Are E-Cigarettes Really A Reduced-Risk To Health?

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They are growing in popularity, Electronic Cigarettes, which are generally considered a better choice than the mainstream tobacco options, in terms of the impact on health. But are they really much better for us? A study recently posted in April 2015 evaluated the effect of the liquid vapour from electronic cigarettes on human bronchial cells. Scheffler et al conducted the research in order to give consumers some more information about choosing this currently unregulated product.

E-cigarettes are emerging products, often described as “reduced-risk” nicotine products or alternatives to combustible cigarettes. Many smokers switch to e-cigarettes to quit or significantly reduce smoking. However, no regulations for e-cigarettes are currently into force, so that the quality and safety of e-liquids is not necessarily guaranteed. ~ Scheffler

After 24 hours the researchers analysed cell viability and oxidative stress levels. E-Cigarette vapour and the pure carrier substances were shown to have toxicological effects on the cells. But this was low in comparison to the viability of cells exposed to mainstream cigarette smoke, which was significantly times lower. The oxidative stress levels of cells exposed to mainstream versus electronic cigarette was 4.5-5 times higher. It is recommended that the study is replicated to confirm the findings, but these results do appear to support the claims that E-Cigarettes are a healthier smoking option.

However, it is important to note that just because they are not ‘as bad’ as tobacco cigarettes (which we know to be extremely harmful), they are certainly not risk-free. The extent to which they are seen as ‘reduced-risk’ could be potentially misleading.

Health Impacts

Before Scheffler’s study was published, another similar body of research was made available in December 2014. Kacker et al attempted to answer the question: Do electronic cigarettes impart a lower potential disease burden than conventional tobacco cigarettes?

They completed a review on E-cigarette vapor versus tobacco smoke, in terms of impact on human health. Their conclusions were on par with Scheffler; Based on the comparison of the chemical analysis of EC (E-Cigarettes) and TC (tobacco cigarettes) carcinogenic profiles and association with health-indicating parameters, ECs impart a lower potential disease burden than conventional TCs.

They found that E-Cigarette vapours contained far fewer carcinogenic particles than mainstream cigarette smoke. E-Cigarettes pass on an equivalent level of nicotine to the body, without increasing the white blood cell count. This means that they have the potential to lower the risk of atherosclerosis and systemic inflammation.

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  1. Firstly, thank you for writing a well-balanced and thought out article, I enjoyed reading it. 🙂

    “Overall, it could be said that E-Cigarettes are a better choice than traditional tobacco, but it is important that consumers recognise that there may still be a significant risk to health and wellbeing when using these products.” – driving or walking or even living in any environment where you find vehicles, factories, coal stoves/fire places is way more unhealthy and even extremely dangerous to your health than smoking or inhaling vapour from an e-cigarette or through “vaping”.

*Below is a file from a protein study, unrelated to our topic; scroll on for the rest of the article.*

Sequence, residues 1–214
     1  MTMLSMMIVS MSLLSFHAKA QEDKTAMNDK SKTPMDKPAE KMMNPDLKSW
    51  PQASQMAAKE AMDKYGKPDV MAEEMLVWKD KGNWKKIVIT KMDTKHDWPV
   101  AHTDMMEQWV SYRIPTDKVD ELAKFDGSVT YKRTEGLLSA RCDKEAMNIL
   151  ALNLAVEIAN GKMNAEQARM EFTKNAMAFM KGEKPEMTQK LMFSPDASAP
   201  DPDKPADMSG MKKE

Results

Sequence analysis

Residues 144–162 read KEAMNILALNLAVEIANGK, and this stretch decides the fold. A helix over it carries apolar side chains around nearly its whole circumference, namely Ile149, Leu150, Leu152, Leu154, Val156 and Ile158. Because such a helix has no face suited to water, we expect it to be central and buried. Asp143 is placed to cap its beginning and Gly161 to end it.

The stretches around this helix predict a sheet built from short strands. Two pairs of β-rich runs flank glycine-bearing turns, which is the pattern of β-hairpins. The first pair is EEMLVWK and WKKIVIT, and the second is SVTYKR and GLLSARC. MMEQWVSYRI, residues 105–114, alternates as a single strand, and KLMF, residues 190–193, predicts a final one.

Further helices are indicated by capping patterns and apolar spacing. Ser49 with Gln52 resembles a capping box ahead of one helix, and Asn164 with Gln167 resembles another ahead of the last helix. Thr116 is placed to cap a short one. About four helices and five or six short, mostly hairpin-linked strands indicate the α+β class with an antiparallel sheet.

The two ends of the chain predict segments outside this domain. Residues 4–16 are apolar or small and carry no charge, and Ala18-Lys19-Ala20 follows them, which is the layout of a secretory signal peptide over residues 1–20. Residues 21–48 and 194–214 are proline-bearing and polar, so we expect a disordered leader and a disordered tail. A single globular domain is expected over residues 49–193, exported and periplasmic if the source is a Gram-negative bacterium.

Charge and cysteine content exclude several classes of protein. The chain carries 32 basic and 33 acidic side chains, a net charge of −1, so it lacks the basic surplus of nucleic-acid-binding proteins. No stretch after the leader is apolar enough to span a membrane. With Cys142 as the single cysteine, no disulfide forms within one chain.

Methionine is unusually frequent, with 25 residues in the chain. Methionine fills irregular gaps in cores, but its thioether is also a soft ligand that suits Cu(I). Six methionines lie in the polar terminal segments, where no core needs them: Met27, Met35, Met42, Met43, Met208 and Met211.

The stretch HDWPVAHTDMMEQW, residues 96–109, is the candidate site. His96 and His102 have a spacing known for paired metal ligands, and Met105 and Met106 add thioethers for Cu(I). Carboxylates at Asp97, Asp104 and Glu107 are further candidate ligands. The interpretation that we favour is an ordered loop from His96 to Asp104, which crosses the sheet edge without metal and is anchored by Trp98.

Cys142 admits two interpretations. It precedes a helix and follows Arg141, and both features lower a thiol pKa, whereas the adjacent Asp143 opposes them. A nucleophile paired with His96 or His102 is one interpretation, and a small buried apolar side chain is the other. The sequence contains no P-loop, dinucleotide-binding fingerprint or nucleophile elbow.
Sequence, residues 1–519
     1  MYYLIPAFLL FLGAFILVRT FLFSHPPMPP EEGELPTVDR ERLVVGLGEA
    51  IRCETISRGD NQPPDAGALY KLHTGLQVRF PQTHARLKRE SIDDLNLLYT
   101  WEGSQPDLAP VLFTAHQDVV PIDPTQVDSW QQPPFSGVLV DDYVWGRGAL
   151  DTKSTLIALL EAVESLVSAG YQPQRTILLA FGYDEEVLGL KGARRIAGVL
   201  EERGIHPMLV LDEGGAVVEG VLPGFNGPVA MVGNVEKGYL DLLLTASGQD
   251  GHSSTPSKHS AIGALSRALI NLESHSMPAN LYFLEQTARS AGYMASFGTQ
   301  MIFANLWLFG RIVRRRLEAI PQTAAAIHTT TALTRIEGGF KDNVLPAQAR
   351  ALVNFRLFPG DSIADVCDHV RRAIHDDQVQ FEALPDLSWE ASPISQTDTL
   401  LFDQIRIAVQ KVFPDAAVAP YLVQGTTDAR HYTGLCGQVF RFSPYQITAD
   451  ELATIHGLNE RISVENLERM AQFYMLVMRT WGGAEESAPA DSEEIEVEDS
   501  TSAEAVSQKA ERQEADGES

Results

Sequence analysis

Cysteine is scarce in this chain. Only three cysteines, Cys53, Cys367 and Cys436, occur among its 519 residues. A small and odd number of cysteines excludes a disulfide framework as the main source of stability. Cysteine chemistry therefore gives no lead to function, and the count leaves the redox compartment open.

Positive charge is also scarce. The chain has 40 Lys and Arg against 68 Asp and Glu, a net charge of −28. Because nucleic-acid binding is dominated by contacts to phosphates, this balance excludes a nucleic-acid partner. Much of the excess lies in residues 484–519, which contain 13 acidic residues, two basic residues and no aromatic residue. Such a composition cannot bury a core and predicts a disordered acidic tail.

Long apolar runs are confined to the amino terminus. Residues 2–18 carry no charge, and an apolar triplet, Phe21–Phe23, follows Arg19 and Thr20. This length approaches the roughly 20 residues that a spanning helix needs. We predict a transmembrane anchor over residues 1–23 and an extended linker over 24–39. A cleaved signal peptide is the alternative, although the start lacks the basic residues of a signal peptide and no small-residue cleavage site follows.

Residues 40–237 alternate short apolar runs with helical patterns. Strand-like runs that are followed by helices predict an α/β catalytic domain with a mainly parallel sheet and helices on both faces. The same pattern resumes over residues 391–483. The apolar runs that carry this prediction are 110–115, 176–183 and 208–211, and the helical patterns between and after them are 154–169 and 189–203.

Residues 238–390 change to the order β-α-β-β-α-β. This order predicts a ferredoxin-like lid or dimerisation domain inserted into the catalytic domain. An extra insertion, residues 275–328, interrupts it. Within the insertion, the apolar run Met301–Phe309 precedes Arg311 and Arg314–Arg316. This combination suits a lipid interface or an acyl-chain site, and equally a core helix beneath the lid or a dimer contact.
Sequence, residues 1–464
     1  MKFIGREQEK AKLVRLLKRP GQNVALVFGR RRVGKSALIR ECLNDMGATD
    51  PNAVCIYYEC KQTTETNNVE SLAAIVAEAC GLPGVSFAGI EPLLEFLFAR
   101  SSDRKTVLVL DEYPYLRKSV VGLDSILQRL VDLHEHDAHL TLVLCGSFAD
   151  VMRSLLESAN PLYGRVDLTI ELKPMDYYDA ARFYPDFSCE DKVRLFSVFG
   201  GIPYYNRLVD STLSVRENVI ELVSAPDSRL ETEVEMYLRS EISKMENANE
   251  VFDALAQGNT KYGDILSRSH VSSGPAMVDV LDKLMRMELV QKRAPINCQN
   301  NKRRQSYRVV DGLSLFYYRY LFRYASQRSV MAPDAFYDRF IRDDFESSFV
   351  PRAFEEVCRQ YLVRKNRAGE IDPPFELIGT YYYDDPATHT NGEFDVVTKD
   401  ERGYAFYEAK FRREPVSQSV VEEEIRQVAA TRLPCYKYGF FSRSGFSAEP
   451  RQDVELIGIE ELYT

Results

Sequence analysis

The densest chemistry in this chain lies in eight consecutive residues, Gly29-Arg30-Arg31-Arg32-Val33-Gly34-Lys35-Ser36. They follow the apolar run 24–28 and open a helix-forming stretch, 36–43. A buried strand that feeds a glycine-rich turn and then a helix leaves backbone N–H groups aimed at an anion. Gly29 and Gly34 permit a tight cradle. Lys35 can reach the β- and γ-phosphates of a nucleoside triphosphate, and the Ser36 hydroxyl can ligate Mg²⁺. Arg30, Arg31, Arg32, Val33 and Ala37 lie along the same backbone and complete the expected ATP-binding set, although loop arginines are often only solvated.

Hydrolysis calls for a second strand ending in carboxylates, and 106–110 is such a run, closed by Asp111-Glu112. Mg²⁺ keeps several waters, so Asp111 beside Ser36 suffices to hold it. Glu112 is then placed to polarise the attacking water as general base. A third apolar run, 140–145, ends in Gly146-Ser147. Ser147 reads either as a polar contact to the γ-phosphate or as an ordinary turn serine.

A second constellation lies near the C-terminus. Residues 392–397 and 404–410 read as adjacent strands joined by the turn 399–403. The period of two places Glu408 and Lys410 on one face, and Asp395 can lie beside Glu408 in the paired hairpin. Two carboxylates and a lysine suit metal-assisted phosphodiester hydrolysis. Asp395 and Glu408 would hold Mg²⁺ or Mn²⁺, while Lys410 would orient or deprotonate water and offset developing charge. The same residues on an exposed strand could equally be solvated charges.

My husband started vaping over a year ago. No more “stinkies”. He quit smoking cigarettes the same day he started vaping. Within the first couple of weeks, he stopped wheezing when climbing stairs, coughing in the mornings and his blood pressure came down to normal levels. After 3 months he started lowering the nicotine strength in his vape liquids. A huge plus point for me is that I don’t have to run around with air freshener anymore (which is harmful to the environment, pets and humans). The flavours he vapes smells nice and I don’t mind him vaping in the house as my curtains and linen don’t smell like an old dirty ashtray anymore.

    It is a bit concerning that everytime something “good” or rather better becomes available, especially if we look at alternative medicines and cures and alternatives to smoking cigarettes that companies spend thousands if not millions trying to debunk that it is better and/or safer. The amount of negative propaganda/articles that appear overnight once pharmaceutical companies and big corporations (tobacco companies) start losing revenue amazes me (not really), what is really concerning is that the public so easily accepts “research papers” as fact without doing any research of their own. Walking or driving to work in traffic is a real killer. Inhaling all that petrol and diesel fumes can surely not be good for one’s health? Yet, alternative “green” fuel is made so expensive and the red tape to get to use it is on a “forever roll”. Petrol and diesel fumes do not just affect your lungs, but your eyes and skin as well. City smog has a way to cling to your clothes that make you smell like you are living in a prehistoric hut with no windows and a fire burning 24/7.

    Sometimes one just needs to ask one self who is paying for this negative “research” and why, when a couple of hundred/thousand people can and will testify to the difference it made in their lives (and pockets).

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